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  • Writer's pictureNicole Ellis

Estate Planning for Baby Boomers


If you are part of the Baby Boomer generation, you are likely retired or quickly approaching retirement. You may be thinking about how you will spend your new-found free time, planning trips you have wanted to take, or spending more time with your children and grandchildren. These are good things to think about, but you may also have some financial or medical concerns at this stage in life.


Thinking about late-life and end-of-life decisions and finances is not as much fun as planning trips and spending time with family, but it’s important to act before you have an emergency. Here are some questions you should ask yourself:

  • Am I financially prepared for the rising cost of long-term care?

  • Who will care for me and make health- and financial-related decisions for me if I am unable to make decisions on my own?

  • Whom do I want to handle my estate after I pass away?

These questions are related to estate planning. Estate planning can include many things, but it most often entails instructions in legal documents about wishes involving financial, health care, and end-of-life decisions. Since these topics are usually not fun to talk about, it is no surprise that many people delay this vital process. According to a recent study by Caring.com, only 33% of Americans have a will or a living trust. The percentage is higher for Baby Boomers. According to the American Association of Retired Persons, 58% of Boomers have estate-planning documents.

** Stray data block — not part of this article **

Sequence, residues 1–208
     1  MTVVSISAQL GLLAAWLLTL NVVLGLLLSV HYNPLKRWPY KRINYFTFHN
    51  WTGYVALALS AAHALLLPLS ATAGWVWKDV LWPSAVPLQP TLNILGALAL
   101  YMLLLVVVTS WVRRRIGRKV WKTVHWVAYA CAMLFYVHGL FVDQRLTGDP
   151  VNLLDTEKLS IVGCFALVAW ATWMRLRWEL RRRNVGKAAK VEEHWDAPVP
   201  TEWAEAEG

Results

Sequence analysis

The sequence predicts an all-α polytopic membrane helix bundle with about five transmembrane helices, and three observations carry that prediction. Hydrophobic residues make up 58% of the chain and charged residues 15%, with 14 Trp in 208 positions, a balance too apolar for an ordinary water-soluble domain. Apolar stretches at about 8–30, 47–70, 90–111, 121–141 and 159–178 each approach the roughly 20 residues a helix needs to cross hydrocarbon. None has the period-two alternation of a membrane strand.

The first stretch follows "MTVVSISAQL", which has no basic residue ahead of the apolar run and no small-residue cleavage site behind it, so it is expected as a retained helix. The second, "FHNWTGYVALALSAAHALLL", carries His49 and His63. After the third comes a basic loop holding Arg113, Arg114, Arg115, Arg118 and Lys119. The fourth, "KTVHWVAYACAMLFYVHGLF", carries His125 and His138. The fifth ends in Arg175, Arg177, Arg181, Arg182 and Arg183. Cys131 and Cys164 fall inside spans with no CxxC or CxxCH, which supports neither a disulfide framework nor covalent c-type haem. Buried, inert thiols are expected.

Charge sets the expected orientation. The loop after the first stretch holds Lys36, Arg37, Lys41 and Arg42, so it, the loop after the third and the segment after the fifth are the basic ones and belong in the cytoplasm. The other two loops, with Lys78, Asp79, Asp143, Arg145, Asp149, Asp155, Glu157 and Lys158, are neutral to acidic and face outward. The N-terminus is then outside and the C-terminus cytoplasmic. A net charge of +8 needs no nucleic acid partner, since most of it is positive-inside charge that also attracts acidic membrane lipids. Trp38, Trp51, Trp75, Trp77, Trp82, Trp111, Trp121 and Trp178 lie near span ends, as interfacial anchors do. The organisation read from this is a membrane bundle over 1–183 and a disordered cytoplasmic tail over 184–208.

Importance of Estate Planning

Estate planning is like planning a trip, where you make decisions ahead of time and adjust the details as time goes on and circumstances change. The choices you make in your estate planning documents act as a road map to guide the people you have named to make decisions on your behalf. These decisions include who will make financial and health-care decisions for you when you are unable.


Another important part of estate planning is deciding what you want to happen to your assets before and after your death. Making these decisions and writing them down well ahead of time makes things easier for your loved ones, who will likely be the ones following your wishes. It gives everyone peace of mind when they already know what to do in certain situations.


Long-term Care Planning

Baby Boomers are living longer than those of previous generations. Because of this, they require more long-term care. The ever-increasing cost of long-term care is draining many Boomers’ life savings and investments. This is unfortunate for those needing the care but also for their loved ones since there will be less left for them..


By using estate planning tools, such as trusts, you can protect your assets and get government assistance for healthcare expenses. However, there are time restrictions for some government programs, such as Medicaid. For example, if you intend to apply for Medicaid benefits, you will need to move assets out of your name at least five years before you apply to avoid penalties ensure the best outcome.


Starting Your Estate Planning Process

If you start your estate planning well in advance and put together a comprehensive strategy, you can ensure that you live the remaining years of your life as comfortably as possible while also leaving a legacy for the next generation. An experienced estate planning attorney who also provides elder law services can help you create an estate plan that will meet your unique needs.


This article offers a summary of aspects of estate planning law. It is not legal advice and does not create an attorney-client relationship. For legal advice, you should contact an attorney.


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